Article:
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COVID-19 vaccine-related interstitial lung disease: a case study
  1. Ji Young Park1,
  2. Joo-Hee Kim1,
  3. In Jae Lee2,
  4. Hwan Il Kim1,
  5. Sunghoon Park1,
  6. Yong Il Hwang1,
  7. Seung Hun Jang1,
  8. Ki-Suck Jung1
  1. 1 Division of Pulmonary, Allergy and Critical Care Medicine, Department of Internal Medicine, Hallym University Sacred Heart Hospital, Hallym University College of Medicine, Anyang, South Korea
  2. 2 Department of Radiology, Hallym University College of Medicine, Anyang, South Korea
  1. Correspondence to Dr Ji Young Park, Division of Pulmonary, Allergy and Critical Care Medicine, Department of Internal Medicine, Hallym University Sacred Heart Hospital, Hallym University College of Medicine, Anyang 14068, South Korea; evan007{at}

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Dr Ji Young Park

Herd immunity through extensive and rapid vaccination rather than natural immunity acquired by infection is necessary to control a global pandemic like COVID-19. The development of COVID-19 vaccines has been accelerated through government funding and the collaborative efforts of the medical–scientific institutions and the pharmaceutical industry.1 2 In South Korea, the ChAdOx1 nCoV-19 (Oxford/AstraZeneca) and BNT162b2 (Pfizer/BioNTech) vaccines have received emergency approval and are being used. Although the safety and efficacy of these vaccines were established through interim analysis in global clinical trials, long-term data and reports of rare adverse reactions remain inadequate.1 2 We report a case of interstitial lung disease (ILD) after COVID-19 vaccination and review the literature on influenza vaccine-related ILDs. This review is favourable as influenza vaccines are widely administered annually among the elderly, and several vaccine-related ILDs have been reported.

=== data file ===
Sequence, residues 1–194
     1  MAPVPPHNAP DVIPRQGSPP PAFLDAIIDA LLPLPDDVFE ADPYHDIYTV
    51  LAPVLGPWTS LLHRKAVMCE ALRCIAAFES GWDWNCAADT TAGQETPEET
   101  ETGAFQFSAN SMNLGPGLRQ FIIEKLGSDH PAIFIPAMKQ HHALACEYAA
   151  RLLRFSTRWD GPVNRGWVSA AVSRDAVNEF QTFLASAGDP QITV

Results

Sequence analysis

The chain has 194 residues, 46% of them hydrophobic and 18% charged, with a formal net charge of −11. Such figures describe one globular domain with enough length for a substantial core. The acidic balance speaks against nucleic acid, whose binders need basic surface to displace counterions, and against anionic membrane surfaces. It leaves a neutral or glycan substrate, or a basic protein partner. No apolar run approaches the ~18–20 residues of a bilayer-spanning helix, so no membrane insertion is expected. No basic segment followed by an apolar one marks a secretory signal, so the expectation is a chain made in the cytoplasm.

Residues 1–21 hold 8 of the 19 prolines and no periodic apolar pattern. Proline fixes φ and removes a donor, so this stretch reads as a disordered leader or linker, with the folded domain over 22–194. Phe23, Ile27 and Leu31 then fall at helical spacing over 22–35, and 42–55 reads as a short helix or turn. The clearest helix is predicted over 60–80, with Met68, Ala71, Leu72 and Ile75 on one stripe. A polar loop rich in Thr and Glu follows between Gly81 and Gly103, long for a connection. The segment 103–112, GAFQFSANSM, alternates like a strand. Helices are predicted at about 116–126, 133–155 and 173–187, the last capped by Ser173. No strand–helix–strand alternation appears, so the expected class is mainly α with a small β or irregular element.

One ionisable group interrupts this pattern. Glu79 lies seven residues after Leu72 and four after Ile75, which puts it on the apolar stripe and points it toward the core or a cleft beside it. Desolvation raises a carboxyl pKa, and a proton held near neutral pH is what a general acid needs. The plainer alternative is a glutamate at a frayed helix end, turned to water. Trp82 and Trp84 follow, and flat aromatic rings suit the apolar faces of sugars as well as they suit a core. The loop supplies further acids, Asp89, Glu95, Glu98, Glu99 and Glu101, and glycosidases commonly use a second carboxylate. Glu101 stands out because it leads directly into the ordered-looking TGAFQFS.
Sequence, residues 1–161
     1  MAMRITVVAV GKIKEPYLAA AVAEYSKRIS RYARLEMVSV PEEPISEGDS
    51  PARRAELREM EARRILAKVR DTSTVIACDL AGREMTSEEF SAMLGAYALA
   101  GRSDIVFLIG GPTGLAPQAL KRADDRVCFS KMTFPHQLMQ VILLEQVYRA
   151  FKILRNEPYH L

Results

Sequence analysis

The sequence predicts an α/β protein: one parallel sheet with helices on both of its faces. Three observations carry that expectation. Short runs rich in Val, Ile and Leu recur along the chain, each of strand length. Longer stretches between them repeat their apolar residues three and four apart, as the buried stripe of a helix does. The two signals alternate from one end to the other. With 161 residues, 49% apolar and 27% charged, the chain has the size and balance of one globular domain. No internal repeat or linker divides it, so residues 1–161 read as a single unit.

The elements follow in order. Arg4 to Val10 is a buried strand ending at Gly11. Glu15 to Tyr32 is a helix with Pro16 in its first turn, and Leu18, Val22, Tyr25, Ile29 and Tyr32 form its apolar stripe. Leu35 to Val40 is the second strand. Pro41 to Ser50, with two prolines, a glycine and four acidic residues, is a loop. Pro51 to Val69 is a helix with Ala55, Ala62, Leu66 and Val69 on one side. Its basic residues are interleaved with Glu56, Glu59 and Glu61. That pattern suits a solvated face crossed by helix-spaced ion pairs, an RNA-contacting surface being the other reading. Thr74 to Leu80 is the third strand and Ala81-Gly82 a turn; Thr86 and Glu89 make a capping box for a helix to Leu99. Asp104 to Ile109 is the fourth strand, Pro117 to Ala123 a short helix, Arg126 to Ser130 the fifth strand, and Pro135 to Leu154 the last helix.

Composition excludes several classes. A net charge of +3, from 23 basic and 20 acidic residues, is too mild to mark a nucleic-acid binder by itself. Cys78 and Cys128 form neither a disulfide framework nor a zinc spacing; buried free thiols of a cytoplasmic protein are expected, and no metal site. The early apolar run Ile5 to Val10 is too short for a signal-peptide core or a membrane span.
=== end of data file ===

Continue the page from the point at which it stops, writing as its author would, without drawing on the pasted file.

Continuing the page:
Dr Hwan Il Kim

In early April 2021, an 86-year-old man presented to the emergency department with a 1-day history of weakness, dyspnoea and fever. He had no cough, expectoration, nasal discharge or sore throat. One day before symptom onset, he had received a COVID-19 mRNA vaccine. He had hypertension, diabetes and chronic renal disease, which were well controlled with medications (atorvastatin, amlodipine, furosemide, linagliptin, metformin and clopidogrel). He was a non-smoker with no history of cardiovascular, pulmonary, allergic or connective tissue disease (CTD). He took an influenza vaccine annually with no adverse events and had no history of adverse events with other vaccines or drugs. He denied any recent changes in his living environment and exposure to chemicals or organic particles. On admission, his body temperature was 38.2°C, and peripheral oxygen saturation was 80% on room air. He had no rash, oedema or clubbing, but bilateral crackles were found on auscultation. The partial pressure of oxygen in arterial blood (PaO2)/fraction of inspired oxygen ratio (FiO …

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  • Contributors JYP, HIK and SP treated the patient and collected the data for the manuscript. IL reviewed the radiology of the case. J-HK, YIH and SHJ contributed to analysis and interpretation. JYP and KJ oversaw the conception, writing, formatting and editing. All authors reviewed and approved the final manuscript.

  • Funding The authors have not declared a specific grant for this research from any funding agency in the public, commercial or not-for-profit sectors.

  • Competing interests None declared.

  • Provenance and peer review Not commissioned; externally peer reviewed.

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